These APIs are still very new, but we have had some use. I have described some of these in a recent Medium post. Sourcera is a plugin for Google docs providing search, embed and auto-captioning functionality for images available through IIIF APIs. Content aggregators Europeana and the Digital Transgender Archive use our APIs to easily pull metadata and thumbnails into their sites from our catalogue and image repository. These two aggregators are at opposite ends of the scale, with Europeana serving as a pan-European collection representing all types of materials, and the Digital Transgender Archive curating a very specific set of content on a theme.
We are also able to provide access to our data in bulk. Researchers at Birkbeck downloaded a huge number of full-text documents to support development of their research tool Samtla.
Please can you elaborate on your open access policy and what is expected of anyone using the content extracted from your collections?
Wellcome is a strong supporter of open access. Our organisation, of which Wellcome Collection is a part, is a major funder of medical research and related initiatives in the UK and abroad. Wellcome’s charitable mission is to improve health by helping great ideas to thrive. We believe unrestricted access to research is key. It is a condition of funding that research outputs are made freely available, and not exclusively locked up behind publisher paywalls.
This is reflected in our policy at Wellcome Collection to provide free and unrestricted access to our own digital content. Unrestricted does not mean we will allow everyone to do anything they want with everything we have; it means we will remove what barriers we can. Licensing arrangements, impediments in search functionality, inefficiencies in digital asset transfer: we’re tackling such barriers on multiple fronts.
I’m responsible for ensuring we assign correct access and licensing information to our digital assets, and that we make as much content available openly as possible.
We are making images of out-of-copyright works available under a Public Domain Mark. That means that there are no known rights restrictions. When we digitise a book or a painting that is out-of-copyright, we don’t assert any rights over the images that we create, and we don’t charge for access. Anyone can use these images for any purpose. In some cases we assign terms and conditions in the form of standardised Creative Commons licences. This applies when we own the rights to the original item (such as a Wellcome publication), or when an author or publisher has assigned a licence to their work. We will impose access restrictions on unpublished material containing sensitive or private data.
One of my tasks for 2019 is to audit our digital assets’ licensing status and correct some legacy practices that no longer comply with our current policy.
What are the goals for the project within the next year?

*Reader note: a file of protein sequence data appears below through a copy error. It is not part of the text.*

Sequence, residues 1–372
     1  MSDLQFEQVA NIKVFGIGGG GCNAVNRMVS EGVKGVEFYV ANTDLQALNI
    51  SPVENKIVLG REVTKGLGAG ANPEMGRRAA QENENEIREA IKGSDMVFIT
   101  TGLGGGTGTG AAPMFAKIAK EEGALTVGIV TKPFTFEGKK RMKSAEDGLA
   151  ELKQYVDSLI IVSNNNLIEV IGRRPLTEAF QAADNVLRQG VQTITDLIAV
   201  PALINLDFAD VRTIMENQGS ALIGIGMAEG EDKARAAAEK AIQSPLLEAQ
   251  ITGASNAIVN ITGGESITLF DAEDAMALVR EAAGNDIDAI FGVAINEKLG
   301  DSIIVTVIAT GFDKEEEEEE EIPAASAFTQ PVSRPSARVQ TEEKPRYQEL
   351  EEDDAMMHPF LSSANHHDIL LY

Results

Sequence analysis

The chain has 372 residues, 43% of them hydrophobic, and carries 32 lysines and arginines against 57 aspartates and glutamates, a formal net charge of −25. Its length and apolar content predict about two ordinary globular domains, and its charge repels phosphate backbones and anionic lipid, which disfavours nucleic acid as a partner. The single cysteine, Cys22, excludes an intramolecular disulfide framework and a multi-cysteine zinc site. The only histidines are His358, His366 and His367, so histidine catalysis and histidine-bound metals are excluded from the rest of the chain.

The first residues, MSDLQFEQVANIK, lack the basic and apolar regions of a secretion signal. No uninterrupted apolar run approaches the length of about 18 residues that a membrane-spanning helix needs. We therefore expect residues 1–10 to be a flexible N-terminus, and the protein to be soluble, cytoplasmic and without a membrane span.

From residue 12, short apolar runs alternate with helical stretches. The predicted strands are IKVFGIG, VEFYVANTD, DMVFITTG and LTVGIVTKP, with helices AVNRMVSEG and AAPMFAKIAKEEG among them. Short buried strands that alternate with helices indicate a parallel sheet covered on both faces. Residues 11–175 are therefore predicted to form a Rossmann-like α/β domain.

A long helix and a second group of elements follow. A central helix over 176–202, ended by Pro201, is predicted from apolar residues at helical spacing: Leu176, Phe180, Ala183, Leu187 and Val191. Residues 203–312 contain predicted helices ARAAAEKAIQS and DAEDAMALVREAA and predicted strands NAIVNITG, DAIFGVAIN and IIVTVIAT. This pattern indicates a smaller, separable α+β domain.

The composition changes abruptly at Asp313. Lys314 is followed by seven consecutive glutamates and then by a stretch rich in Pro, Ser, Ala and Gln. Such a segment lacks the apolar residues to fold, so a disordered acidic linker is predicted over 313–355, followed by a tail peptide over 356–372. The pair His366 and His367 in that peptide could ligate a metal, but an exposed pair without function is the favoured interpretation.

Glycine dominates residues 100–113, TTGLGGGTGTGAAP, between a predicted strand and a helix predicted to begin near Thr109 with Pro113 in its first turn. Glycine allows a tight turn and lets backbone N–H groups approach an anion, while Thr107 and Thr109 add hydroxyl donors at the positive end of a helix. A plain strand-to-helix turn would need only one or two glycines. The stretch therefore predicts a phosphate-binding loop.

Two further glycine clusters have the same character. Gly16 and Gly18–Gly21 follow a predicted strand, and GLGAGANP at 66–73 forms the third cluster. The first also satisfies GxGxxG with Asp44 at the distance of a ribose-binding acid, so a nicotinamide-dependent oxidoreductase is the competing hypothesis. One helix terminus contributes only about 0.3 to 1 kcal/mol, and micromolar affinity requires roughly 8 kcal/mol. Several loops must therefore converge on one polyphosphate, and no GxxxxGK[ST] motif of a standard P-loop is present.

I’m excited about next year because we are going to see some major changes in our discovery environment. This will make it much easier for people to find the digitised content that we’ve spent years creating. For example, we’ll be making better connections between related items and creating a more intuitive search and browse interface.
We are also moving all our systems and process to the Cloud. High throughput digitisation requires an efficient and robust environment for digital asset management. Moving to the Cloud will improve performance and scalability, making life a lot easier for my team. It will also open up new opportunities for analysis of data. An example of this would be programmatically identifying and classifying illustrations contained in all those books we’ve digitised. This will allow users to search imagery we didn’t even know we had.
We will also continue to add more digital assets to our online resource from across the library’s collections. In addition to our existing workstreams, in 2019 we will start digitising our collection of 1,200 oil paintings. Some of these have never been photographed before, but for most we will be replacing old low-quality images with up-to-date high-resolution files.
Finally, what is your favourite subject or piece in the Wellcome Collection Library?
We have many amazing things here at Wellcome, but that’s an easy question for me to answer because I have a long-standing fascination with our recipe manuscripts. This collection, a unique window into domestic life and culture in the UK and Europe, is a real treasure. Some of these manuscripts have been handed down through families over generations with each generation adding their own cookery recipes or medicinal cures, sometimes crossing out previous ones that didn’t quite satisfy. It is so easy to get lost in these recipes, both weird and wonderful.
In my very first year at Wellcome I project managed digitisation of our 17th century “receipt books” as they are commonly known. We are now in the middle of a push to get the entire collection, ranging from the 16th – 19th century, online. Several hundred are now available, and we have about 100 left to go. I have a dream to create a huge digital text-based resource of household recipes from a variety of repositories around the world – if only we could digitise and transcribe them all!
Here’s a prime example of a 17th century recipe book. Do you dare try any of these recipes? I haven’t - yet!
Thank you to Dr. Christy Henshaw and the Wellcome team for answering our questions. We’re very grateful for the time you have given to us, and the valuable resource you are creating.